A Bike Trailer on a Scooter?

We get a lot of questions about bike trailers at the shop. “Can I carry an accordion in a dog trailer?”, for instance. Or, “Do you have a trailer I can pull behind my car, to carry an upright bass, so my bike can ride inside?” One we frequently get asked and that we would like to focus on is, “Which trailer will works best with my scooter?”

This is a difficult one to answer, given that it usually comes from people who assembled their scooter together from old bike, car, and chainsaw parts. Our hats are off to these intrepid engineers of the two-wheeled, fuel-efficient revolution. Unfortunately, there are no easy answers here. We do have some general advice for the motor-assisted, though.

In general there are three factors to consider when evaluating a bike trailer for your scooter: speed, connectivity, and the law. Depending on the size of your engine, the average speed of a scooter may run between 25 and 45 mph. Unless you’re Graham Obree, that’s a fair bit faster than a bike. And don’t forget that a bike trailer might weigh as little as twelve pounds when empty, which means an increased risk of rolling the trailer over.

Hooking the trailer to the scooter is another issue. For those who have a commercially built scooter, the drivetrain is usually located on the left side, the same side that most two-wheeled trailers attach to, and because most cargo trailers use some type of axle-mounted hitch, this means you will have to find a way to mount the hitch to the scooter frame. It also means that single-wheeled trailers are right out. If the scooter is actually a modified bike frame, you may have more success here.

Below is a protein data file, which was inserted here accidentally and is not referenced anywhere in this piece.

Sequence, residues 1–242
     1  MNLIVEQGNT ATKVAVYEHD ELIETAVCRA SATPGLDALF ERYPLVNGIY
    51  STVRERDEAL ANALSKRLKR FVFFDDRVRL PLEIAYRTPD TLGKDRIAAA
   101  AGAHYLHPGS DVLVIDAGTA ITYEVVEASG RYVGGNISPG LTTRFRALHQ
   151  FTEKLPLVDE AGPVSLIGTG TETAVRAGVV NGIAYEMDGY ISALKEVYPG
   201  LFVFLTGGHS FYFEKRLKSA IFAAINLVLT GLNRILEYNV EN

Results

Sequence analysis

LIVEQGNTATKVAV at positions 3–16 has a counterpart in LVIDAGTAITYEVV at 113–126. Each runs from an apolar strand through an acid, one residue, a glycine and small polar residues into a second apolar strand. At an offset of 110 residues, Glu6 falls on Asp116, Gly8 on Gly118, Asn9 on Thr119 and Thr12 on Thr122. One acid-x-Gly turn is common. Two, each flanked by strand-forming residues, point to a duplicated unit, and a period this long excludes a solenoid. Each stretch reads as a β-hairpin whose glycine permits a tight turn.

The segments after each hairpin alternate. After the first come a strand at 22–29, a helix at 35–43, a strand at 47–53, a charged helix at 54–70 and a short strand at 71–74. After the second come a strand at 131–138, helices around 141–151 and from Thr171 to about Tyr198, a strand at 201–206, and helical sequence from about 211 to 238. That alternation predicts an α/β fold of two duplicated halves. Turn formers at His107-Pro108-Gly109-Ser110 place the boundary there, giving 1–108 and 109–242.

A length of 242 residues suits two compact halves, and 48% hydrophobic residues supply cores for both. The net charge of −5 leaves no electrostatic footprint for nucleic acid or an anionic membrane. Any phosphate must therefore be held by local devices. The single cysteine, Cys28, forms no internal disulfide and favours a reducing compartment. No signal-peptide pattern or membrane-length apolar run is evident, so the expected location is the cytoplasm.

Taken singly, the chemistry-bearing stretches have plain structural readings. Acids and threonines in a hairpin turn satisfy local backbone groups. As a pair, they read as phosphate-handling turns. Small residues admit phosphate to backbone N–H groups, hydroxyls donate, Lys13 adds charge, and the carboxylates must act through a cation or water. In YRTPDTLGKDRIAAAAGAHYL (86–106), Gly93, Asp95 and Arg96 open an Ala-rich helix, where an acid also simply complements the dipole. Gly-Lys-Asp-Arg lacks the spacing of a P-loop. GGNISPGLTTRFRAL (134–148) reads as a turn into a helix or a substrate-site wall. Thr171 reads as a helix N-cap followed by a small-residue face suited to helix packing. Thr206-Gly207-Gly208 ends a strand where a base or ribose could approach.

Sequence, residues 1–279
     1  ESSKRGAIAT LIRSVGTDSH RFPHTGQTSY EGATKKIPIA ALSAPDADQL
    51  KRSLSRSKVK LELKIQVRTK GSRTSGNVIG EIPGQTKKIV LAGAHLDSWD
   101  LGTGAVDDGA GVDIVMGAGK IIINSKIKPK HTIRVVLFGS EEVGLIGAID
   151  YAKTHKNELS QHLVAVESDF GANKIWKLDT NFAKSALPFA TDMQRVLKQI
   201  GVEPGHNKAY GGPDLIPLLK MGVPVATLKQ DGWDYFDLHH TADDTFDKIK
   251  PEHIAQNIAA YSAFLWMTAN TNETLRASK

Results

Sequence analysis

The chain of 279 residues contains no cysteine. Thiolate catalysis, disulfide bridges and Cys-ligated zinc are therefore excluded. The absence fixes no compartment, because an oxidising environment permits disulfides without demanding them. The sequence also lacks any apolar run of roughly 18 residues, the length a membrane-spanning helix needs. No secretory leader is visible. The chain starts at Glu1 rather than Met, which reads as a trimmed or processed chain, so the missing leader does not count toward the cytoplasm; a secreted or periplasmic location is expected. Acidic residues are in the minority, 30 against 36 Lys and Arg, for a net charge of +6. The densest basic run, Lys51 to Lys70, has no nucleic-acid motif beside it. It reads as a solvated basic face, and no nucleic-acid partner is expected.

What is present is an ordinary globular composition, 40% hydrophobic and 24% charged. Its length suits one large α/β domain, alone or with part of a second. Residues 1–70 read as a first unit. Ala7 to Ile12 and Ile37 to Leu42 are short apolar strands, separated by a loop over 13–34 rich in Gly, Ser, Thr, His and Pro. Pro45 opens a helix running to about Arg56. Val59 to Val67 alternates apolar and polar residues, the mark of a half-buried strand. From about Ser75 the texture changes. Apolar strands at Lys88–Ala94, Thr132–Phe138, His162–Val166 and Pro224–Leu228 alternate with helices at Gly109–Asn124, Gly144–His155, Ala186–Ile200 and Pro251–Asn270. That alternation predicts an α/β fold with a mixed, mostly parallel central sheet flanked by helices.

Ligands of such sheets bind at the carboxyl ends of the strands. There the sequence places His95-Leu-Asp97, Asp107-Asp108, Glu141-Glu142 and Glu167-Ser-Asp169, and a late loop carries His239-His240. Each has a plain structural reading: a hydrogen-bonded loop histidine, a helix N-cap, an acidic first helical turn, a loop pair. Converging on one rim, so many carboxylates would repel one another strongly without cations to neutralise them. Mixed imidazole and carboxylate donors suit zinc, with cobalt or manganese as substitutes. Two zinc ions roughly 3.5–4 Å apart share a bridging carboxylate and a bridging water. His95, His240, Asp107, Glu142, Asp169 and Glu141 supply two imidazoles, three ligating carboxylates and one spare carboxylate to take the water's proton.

Finally, there’s the law. Scooters are licensed vehicles in most states, which may add a few requirements to the use of trailers. Specifically, you need more lights. Here in Arizona, these are the pertinent bits of Title 28, Chapter 3, Article 16: 28-925. Tail lamps; 28-929. Additional lighting equipment required on certain vehicles; 28-931. Lamp colors; 28-932. Reflector and lamp mountings; 28-933. Reflector and lamp visibility; and 28-939. Signal lamps and devices. When you boil all of these down, they say your trailer needs to have rear facing reflectors, tail lights, and brake and turn signals, if the trailer obscures either, and they need to be mounted between 15 and 60″ off the ground.

The Modern Vespa forum has discussions about every topic including commercially available scooter trailers that may help in your quest for answers. One of the options we’ve seen used is the Monogo. Also, have a look at the Scoot Boot Scooter Trailer that we recently came across which looks like a great, reasonably priced solution.

So, which bike trailer works best with a scooter? You will have to do plenty of research and try various brands to find what works best for you.

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